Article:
Let be 2, (2,1), (1,2), or 1. That is, and is directed; see n-prefix.
An -category is an -pretopos if and only if it is coherent and every (finitary) -polycongruence is a kernel.
is a 2-pretopos. Likewise, is a (2,1)-pretopos and is a (1,2)-pretopos.
A 1-category is a 1-pretopos precisely when it is a pretopos in the usual sense. Note that, as remarked for exactness, a 1-category is unlikely to be an -pretopos for any .
Since no nontrivial (0,1)-categories are extensive, the definition as phrased above is not reasonable for . However, for some purposes (such as the n-Giraud theorem), it is convenient to define an (infinitary) (0,1)-pretopos to simply be an (infinitary) coherent (0,1)-category (exactness being automatic).
An -pretopos has coproducts and quotients of -congruences, which are an important class of colimits. However, it can fail to admit all finite colimits, for essentially the same reason as when : namely, some ostensibly “finite” colimits secretly involve infinitary processes. In a 1-category, this manifests in the construction of arbitrary coequalizers and pushouts, where we must first generate an equivalence relation by an infinitary process and then take its quotient.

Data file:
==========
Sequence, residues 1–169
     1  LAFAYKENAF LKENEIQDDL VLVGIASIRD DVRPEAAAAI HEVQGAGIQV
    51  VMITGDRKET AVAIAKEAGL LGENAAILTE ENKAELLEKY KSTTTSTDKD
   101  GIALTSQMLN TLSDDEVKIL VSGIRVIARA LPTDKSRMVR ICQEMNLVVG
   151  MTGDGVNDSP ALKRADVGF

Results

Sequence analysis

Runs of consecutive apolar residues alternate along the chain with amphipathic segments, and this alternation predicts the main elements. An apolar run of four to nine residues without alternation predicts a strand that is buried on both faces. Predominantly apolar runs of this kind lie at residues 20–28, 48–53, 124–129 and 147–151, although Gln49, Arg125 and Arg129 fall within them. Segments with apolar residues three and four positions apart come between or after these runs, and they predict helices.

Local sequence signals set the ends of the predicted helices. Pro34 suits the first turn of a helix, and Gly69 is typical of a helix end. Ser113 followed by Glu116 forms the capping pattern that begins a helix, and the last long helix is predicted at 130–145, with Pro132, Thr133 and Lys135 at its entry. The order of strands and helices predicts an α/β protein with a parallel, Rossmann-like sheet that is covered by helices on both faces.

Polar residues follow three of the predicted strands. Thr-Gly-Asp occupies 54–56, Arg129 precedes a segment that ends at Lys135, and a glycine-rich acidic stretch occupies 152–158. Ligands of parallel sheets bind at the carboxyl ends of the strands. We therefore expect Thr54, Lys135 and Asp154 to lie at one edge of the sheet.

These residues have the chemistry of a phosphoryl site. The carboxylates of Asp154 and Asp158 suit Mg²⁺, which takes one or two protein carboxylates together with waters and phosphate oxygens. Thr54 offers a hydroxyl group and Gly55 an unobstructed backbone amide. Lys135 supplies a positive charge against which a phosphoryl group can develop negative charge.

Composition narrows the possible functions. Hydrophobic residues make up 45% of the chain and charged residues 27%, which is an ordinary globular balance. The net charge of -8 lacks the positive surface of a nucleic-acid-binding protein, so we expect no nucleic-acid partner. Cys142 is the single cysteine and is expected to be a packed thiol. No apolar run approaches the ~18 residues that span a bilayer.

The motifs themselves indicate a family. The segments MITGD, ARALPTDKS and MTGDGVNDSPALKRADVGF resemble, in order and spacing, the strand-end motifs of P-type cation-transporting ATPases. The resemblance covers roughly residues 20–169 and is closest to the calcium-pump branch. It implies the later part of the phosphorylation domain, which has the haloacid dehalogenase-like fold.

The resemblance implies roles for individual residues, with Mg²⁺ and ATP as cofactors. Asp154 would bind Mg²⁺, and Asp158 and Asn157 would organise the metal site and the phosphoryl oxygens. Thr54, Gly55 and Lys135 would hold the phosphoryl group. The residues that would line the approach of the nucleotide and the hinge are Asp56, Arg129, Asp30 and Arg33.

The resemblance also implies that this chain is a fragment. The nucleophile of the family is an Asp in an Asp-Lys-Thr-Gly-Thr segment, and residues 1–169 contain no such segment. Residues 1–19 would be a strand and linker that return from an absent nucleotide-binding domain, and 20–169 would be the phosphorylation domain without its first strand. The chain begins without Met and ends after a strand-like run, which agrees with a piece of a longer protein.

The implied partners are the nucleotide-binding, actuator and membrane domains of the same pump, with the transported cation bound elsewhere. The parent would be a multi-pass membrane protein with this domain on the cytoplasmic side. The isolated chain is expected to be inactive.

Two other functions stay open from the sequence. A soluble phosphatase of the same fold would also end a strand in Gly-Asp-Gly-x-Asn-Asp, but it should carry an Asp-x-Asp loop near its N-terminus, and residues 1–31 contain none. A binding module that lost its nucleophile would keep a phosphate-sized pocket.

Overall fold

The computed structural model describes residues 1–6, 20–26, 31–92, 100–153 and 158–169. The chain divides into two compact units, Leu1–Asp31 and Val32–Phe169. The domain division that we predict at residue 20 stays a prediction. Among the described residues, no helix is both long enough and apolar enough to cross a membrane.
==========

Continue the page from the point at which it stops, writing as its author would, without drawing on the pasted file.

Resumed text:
For 2-categories it is even easier to find counterexamples: the 1-pretopos does in fact have all finite colimits, but the 2-pretopos of finite categories (that is, finitely many objects and finitely many morphisms) does not have coinserters, coinverters, or coequifiers. (The category of finitely presented categories does have finite colimits, but fails to have finite limits.)
However, I conjecture that just as in the case , once an -pretopos is also countably-coherent, it does become finitely cocomplete. See colimits in an n-pretopos.